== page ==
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Saturday, Feb. 24
The Indiana Daily Student

opinion

OPINION: Euchre is the perfect college card game

opeuchre-illo

Growing up in Indiana, or in other parts of the Midwest, learning to play the card game euchre (pronounced yew-ker) is practically a rite of passage. Many of us Hoosiers learned to play this four-person game with our families or friends as teenagers. My parents taught me how to play when I was a sophomore in high school while isolated at the beginning of the COVID-19 pandemic. But now that I am in college, I realize euchre is not as familiar to students who have come to IU from other parts of the country or world. It is an easy game to learn and there are several reasons why students enjoy playing. 

It is believed that euchre became popular in the United States during the early 19th century. According to Jason Boog of awl.com, the current version of Midwestern euchre is most likely derived from the game Juckerspiel, brought to the U.S. by German immigrants. There are other theories about euchre’s origin, but the linguistic similarities between the games euchre and jucker, suggest it is of German origin, card game historian David Parlett said. 

The modern game of euchre consists of two teams who sit diagonally from each other and work together to win at least three out of five “tricks.” The deck is not your standard of 52 cards. Rather, you only use 24 cards, consisting of the 9, 10, Jack, Queen, King, and Ace. Players take turns deciding on what suit will be “trump” for each round and the game ends when one team earns ten points. However, there can be many different variations of the game because each house usually has its own set of special rules. 

Euchre is a fast-paced game typically lasting less than an hour. It is extremely common to get a group together to enjoy an all-nighter of euchre, food, and good times. The game is made for passing time without a lot of effort, allowing for connections and conversations while relaxing with friends and family.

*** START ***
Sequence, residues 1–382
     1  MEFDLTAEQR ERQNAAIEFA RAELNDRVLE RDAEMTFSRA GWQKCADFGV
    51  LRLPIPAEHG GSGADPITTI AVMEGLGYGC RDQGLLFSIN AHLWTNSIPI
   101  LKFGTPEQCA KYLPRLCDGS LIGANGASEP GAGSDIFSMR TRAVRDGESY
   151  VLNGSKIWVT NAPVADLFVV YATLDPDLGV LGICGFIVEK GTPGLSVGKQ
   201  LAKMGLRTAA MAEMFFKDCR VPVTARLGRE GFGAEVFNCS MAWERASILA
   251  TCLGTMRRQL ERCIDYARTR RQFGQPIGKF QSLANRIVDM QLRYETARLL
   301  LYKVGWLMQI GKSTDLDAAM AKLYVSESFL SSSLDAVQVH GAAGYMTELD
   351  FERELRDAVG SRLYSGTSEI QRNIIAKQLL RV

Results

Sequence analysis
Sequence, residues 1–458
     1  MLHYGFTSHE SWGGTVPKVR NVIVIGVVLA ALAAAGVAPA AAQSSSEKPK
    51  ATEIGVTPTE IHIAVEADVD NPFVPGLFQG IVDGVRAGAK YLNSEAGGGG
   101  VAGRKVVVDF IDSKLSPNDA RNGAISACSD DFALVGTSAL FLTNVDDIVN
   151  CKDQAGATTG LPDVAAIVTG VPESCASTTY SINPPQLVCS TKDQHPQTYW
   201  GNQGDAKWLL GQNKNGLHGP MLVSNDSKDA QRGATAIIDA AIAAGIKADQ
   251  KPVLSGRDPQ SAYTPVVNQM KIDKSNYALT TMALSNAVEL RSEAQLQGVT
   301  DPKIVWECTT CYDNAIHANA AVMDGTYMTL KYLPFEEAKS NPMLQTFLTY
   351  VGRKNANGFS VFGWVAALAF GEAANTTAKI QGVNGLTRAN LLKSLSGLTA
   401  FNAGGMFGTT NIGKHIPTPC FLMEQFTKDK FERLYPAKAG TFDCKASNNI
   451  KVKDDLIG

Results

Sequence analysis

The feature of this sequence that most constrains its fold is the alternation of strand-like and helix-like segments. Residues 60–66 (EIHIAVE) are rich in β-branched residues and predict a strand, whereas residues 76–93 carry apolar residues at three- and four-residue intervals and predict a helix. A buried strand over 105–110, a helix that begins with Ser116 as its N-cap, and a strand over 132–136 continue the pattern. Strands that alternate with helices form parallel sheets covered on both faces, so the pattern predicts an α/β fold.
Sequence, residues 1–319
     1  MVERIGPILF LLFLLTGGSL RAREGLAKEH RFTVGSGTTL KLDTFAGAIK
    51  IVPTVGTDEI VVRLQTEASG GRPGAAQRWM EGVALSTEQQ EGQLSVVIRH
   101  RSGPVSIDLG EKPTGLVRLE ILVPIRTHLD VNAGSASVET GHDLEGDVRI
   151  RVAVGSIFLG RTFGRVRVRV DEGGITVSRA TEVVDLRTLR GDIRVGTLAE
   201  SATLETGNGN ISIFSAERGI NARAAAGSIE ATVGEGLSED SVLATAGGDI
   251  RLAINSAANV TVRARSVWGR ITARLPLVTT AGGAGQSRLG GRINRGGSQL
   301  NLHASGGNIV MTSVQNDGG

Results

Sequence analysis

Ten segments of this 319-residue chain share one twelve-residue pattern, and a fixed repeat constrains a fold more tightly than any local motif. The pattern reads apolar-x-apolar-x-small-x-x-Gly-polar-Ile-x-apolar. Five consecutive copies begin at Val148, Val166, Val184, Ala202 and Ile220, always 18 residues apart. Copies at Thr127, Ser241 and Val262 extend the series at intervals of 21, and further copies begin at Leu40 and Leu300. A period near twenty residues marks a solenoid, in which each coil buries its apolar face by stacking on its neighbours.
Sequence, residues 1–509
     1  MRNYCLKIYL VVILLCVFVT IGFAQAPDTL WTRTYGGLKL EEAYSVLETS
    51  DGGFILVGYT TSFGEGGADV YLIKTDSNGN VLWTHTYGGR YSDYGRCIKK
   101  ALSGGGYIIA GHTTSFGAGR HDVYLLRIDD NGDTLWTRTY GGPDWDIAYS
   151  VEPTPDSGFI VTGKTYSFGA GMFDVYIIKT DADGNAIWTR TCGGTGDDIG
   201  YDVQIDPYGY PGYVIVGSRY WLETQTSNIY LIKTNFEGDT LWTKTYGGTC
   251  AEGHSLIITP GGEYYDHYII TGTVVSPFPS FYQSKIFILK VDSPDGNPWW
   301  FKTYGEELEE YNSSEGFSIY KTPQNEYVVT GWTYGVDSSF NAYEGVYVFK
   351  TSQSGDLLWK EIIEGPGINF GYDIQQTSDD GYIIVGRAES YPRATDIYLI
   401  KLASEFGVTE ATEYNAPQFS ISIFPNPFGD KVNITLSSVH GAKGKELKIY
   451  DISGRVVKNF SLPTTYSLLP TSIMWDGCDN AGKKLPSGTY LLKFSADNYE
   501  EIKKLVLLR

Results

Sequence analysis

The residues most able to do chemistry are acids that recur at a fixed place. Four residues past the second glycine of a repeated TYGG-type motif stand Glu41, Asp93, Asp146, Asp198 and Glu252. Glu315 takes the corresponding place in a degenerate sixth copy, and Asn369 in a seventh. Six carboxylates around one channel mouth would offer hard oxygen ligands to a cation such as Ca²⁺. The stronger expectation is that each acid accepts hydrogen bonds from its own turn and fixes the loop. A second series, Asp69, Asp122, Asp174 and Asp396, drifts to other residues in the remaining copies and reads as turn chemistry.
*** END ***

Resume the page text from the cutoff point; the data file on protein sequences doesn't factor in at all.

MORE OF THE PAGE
Unlike games such as poker, euchre is difficult to replicate online. In fact, I tried playing online recently and it just was not the same — the interactions with your partner and other players are what makes the game so fun and entertaining. You will hear odd phrases such as “in the barn” and “screw the dealer.” Euchre nights are usually full of laughter. 

It may be surprising to some, but this simple card game also teaches invaluable life lessons. While partly a game of luck, it also requires skill and strategy between you and your partner. You learn to trust and rely on each other to win their share of tricks.  

Also, as in life, you may not always have a good euchre hand to play, but it is still possible to win rounds with the cards you are dealt. Sometimes you must make the most of what you are given.  

Euchre is a game full of unexpected outcomes. You may think you have a winning hand, but the other team may have saved their best cards for last.  

I have grown to love my time spent playing euchre. It has sparked many fun nights full of interesting conversations with my family and friends. If you do not yet know how to play, I highly recommend giving it a shot while here at IU. For those interested in learning more about the game, there are numerous websites that explain the rules. Or you can pick it up the way most of us did –– just find some friends who know how to play and get started. 
 
Jack Davis (he/him) is a freshman studying journalism. 

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